Abstract [en]

    Long-term diseases are today the leading cause of mortality worldwide and are estimated to be the leading cause of disability by 2020. Person-centered care (PCC) has been shown to advance concordance between care provider and patient on treatment plans, improve health outcomes and increase patient satisfaction. Yet, despite these and other documented benefits, there are a variety of significant challenges to putting PCC into clinical practice. Although care providers today broadly acknowledge PCC to be an important part of care, in our experience we must establish routines that initiate, integrate, and safeguard PCC in daily clinical practice to ensure that PCC is systematically and consistently practiced, i.e. not just when we feel we have time for it. In this paper, we propose a few simple routines to facilitate and safeguard the transition to PCC. We believe that if conscientiously and systematically applied, they will help to make PCC the focus and mainstay of care in long-term illness.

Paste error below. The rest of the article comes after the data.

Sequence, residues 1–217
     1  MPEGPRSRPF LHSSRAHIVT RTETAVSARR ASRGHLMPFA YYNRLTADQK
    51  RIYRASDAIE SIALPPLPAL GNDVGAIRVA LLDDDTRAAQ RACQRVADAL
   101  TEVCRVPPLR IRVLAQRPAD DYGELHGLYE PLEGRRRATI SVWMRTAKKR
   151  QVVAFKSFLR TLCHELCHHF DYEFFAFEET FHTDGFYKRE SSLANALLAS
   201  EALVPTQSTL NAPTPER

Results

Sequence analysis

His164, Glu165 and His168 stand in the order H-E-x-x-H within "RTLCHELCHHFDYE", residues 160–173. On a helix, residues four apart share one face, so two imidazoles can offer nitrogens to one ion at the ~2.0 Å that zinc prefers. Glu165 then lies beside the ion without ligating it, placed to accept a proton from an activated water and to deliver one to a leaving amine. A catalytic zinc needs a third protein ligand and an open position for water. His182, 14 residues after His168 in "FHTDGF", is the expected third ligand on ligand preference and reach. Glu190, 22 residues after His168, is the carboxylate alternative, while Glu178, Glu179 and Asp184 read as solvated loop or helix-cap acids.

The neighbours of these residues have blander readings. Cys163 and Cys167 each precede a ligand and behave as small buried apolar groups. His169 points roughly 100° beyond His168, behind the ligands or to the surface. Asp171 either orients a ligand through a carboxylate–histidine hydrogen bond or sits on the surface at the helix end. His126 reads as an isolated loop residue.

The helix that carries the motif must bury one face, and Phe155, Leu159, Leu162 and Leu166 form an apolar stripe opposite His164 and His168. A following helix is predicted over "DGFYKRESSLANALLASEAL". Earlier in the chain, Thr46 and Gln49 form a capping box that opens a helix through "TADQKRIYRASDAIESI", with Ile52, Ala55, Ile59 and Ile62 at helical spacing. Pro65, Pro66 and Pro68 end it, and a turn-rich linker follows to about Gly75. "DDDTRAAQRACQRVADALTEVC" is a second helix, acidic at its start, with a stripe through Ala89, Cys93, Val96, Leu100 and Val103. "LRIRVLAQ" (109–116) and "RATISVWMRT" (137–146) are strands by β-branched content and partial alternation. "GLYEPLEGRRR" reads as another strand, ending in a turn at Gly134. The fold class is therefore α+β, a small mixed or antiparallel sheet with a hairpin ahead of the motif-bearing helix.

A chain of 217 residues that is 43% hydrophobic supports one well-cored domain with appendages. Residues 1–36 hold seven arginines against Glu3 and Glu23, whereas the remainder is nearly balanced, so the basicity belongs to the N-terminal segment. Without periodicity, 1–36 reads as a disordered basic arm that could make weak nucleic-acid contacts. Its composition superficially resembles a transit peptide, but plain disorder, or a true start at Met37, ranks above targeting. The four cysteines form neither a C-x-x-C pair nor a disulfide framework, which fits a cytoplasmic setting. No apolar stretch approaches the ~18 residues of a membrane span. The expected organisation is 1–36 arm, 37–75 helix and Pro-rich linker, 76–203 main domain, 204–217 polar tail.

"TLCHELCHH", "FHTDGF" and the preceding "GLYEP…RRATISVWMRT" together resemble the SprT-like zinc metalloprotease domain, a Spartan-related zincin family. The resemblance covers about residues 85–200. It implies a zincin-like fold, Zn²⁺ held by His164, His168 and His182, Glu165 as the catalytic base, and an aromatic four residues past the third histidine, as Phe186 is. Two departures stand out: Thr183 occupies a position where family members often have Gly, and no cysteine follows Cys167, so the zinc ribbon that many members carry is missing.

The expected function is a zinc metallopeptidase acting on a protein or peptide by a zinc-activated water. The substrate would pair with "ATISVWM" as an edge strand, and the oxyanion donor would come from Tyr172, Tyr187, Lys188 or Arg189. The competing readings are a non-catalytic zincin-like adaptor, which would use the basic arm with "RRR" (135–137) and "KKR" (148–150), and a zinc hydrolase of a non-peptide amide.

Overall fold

• 39.
    Ericson-Lidman, Eva
    et al.
    Umeå universitet.
    Franklin Larsson, Lise-Lotte
    Ersta Sköndal University College, Palliative Reserch Centre, PRC. Sophiahemmet.
    Norberg, Astrid
    Ersta Sköndal University College, Palliative Reserch Centre, PRC. Umeå universitet.
    Caring for people with dementia disease (DD) and working in a private not-for-profit residential care facility for people with DD2014In: Scandinavian Journal of Caring Sciences, ISSN 0283-9318, E-ISSN 1471-6712, Vol. 28, no 2, p. 337-346Article in journal (Refereed)
    Abstract [en]